Three new rings created for the recent sale at Monterey Peninsula College. Showing these as examples of the colors that can be achieved on silver using liver of sulfur patina.
Liver of Sulfur for a rainbow of colors on silver –adapted from instructions provided by Katherine Palochak.
2 C. hot water
about a half teaspoon of LOS gel (or can use dry lump form)
1 Tbsp. clear, plain ammonia
1 tsp. salt (I use kosher)
Dissolve the LOS in the hot water, then add the other ingredients. Stir well. Color of water will be yellow.
Dip piece to be patinated into a container of very hot water to pre-heat the metal, then briefly dip into the LOS solution.
Next dip it in a container of ice water to stop the action and set the patina.
Repeat as necessary to achieve the colors you want. Best to build up color slowly. Color will develop beginning with straw gold and ending at total black. Left too long in the LOS and the black can become too thick and flake off.
This recipe is particularly good for the dark purple and blue iridescent colors although I have achieved some remarkable orange and magenta colors as well… as seen on the ring at right in photo.
Try different amounts of ammonia and salt (iodized salt gives a different color than kosher salt), and make color patterns by selectively dipping just certain areas of the piece into the LOS solution.
Allow the patina to dry and set before rubbing it off the high areas of the design with a fine polishing paper or pumice. I also use this process for copper and brass although the colors achieved will be very different. Mostly brown to black.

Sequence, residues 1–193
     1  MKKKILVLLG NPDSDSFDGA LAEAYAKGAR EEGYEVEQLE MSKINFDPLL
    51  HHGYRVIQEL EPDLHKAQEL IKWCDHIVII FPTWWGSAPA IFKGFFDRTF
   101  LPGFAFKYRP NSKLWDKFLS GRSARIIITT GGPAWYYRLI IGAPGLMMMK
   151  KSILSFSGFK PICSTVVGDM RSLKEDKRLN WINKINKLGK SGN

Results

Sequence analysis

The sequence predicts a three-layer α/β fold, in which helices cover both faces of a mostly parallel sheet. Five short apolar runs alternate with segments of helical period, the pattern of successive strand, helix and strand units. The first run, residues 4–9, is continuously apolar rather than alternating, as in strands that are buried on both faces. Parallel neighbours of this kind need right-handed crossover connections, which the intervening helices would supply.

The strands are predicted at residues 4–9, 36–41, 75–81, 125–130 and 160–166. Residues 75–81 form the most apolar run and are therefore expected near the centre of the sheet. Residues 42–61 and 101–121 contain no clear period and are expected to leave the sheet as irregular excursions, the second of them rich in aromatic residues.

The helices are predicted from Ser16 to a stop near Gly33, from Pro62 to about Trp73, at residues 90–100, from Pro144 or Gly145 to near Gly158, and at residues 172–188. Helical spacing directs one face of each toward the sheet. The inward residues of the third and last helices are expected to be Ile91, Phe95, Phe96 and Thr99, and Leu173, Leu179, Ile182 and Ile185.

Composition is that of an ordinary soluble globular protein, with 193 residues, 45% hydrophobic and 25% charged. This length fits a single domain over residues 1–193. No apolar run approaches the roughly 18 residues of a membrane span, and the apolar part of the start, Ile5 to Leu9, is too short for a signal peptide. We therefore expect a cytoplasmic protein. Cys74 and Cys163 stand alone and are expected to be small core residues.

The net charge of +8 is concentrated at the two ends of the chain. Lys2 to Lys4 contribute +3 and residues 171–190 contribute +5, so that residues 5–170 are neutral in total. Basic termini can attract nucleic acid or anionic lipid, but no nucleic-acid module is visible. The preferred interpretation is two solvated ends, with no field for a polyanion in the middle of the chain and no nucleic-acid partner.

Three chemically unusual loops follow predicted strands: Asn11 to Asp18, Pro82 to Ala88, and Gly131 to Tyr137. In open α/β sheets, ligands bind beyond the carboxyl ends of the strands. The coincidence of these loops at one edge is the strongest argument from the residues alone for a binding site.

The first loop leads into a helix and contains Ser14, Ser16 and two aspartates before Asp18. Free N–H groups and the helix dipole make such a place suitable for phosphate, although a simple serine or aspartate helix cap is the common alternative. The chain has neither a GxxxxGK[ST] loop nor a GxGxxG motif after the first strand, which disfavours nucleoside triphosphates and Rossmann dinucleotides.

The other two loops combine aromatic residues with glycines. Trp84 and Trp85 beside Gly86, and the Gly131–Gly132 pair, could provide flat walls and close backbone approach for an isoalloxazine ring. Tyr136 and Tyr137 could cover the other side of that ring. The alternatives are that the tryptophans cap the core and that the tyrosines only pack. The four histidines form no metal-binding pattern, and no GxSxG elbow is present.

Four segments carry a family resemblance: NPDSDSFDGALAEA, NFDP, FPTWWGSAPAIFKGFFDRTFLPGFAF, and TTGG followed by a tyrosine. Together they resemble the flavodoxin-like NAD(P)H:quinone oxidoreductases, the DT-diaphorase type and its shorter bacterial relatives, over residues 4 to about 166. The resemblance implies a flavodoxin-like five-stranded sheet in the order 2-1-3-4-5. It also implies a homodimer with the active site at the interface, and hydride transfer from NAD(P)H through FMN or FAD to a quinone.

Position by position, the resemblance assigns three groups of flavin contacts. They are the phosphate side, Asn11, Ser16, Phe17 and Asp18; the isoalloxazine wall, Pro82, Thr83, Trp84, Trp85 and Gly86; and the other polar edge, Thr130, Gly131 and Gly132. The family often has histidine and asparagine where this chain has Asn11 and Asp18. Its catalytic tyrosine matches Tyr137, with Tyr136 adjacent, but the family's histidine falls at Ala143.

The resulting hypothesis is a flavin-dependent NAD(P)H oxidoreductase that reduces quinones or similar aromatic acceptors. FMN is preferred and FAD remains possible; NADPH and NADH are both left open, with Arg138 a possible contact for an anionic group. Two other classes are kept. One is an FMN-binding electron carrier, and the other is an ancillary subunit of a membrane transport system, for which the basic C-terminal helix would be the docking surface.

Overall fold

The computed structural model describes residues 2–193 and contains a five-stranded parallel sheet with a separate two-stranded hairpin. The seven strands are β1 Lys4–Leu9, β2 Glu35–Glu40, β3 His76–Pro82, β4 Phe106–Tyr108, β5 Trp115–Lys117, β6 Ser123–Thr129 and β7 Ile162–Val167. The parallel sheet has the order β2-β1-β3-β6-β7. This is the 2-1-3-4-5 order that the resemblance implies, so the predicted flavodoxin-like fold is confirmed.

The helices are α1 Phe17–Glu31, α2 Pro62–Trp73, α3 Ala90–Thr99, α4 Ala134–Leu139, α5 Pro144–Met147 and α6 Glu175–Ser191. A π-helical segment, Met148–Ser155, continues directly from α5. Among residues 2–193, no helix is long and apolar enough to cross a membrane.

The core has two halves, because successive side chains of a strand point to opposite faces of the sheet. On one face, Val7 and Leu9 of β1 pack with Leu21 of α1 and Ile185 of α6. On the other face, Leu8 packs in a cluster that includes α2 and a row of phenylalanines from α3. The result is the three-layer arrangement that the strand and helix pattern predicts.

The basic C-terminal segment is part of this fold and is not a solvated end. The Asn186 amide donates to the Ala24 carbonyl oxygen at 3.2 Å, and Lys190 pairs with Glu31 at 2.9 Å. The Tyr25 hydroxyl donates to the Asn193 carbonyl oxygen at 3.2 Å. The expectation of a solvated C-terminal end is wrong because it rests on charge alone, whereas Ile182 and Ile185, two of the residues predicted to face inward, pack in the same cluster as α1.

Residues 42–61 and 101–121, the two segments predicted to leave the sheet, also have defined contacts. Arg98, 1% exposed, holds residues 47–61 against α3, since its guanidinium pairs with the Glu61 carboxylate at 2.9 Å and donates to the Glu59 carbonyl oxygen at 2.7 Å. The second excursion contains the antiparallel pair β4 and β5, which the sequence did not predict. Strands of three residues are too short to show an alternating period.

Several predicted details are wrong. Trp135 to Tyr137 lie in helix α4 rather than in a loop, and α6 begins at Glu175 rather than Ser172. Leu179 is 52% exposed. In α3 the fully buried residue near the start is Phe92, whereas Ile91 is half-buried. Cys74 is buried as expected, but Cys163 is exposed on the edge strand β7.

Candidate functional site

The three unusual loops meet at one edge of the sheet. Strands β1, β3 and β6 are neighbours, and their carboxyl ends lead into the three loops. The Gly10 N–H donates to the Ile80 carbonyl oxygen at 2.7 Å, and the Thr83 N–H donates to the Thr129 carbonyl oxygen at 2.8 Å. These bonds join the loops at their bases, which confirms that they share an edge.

I photographed the recently created “Bird” cuff on a white background and on a black glass background as a test to see what works best for the piece. Both seem OK to my eye… just very different. The black is dramatic, the white seems more contemporary. If I were to list this in my Etsy shop, I might also photograph it with some props from the garden. A leafy branch or two for instance. Plus I need a photo that shows the out-side of the ends as an alternate view.
The brass sheet was originally photo etched to use as a plate for roll printing onto silver, however, I decided it would work better used directly for jewelry. I am now wearing the cuff to see how the polished surface might change over time. The dark background is a heat patina that developed naturally when I annealed the metal for forming.
I made these earrings for my friend Jan in memory of the many happy hours we’ve spent together watching the birds in our shared garden. She helps me to identify the different birds that come and go here.
I photo etched a brass texture plate and used it to roll print the design onto a silver. I then selected and cut the discs to feature two facing birds. The lapis beads were chosen to match a necklace Jan wears.
Taking a break from etching experiments to prep and make a stacked saucer bead for a tube rivet demo. I really like the color combination of high karat gold and turquoise and this inspired my choice of materials for coloring the copper and brass.
I started with three 24 gauge 1 1/2″ discs. The fine silver tube is 1/4″ OD. The silver jump ring is soldered closed. After coloring the domed copper discs with first the paint and then the Gilder’s Paste, they were sprayed with acrylic to seal them. The gold leafing pen was used to color the small flat brass washers only. I used a small cross pein hammer to texture the edge of the brass center. The beautiful tube riveting tools from Tim Lazure where used to set and finish the rivet.
Two sides of another saucer bead made using similar techniques. This one features etched copper discs colored with Gilder’s paste and LOS and a copper center disc with a red heat patina.
The small power source (see Feb. 14 post for photo) works perfectly well for the larger etching set-up I made for cuff sized blanks and roll printing plates. I would still like to have a power source that would allow for setting the voltage to 1.5V. The little black one only goes down to 3V at a preset 2amp.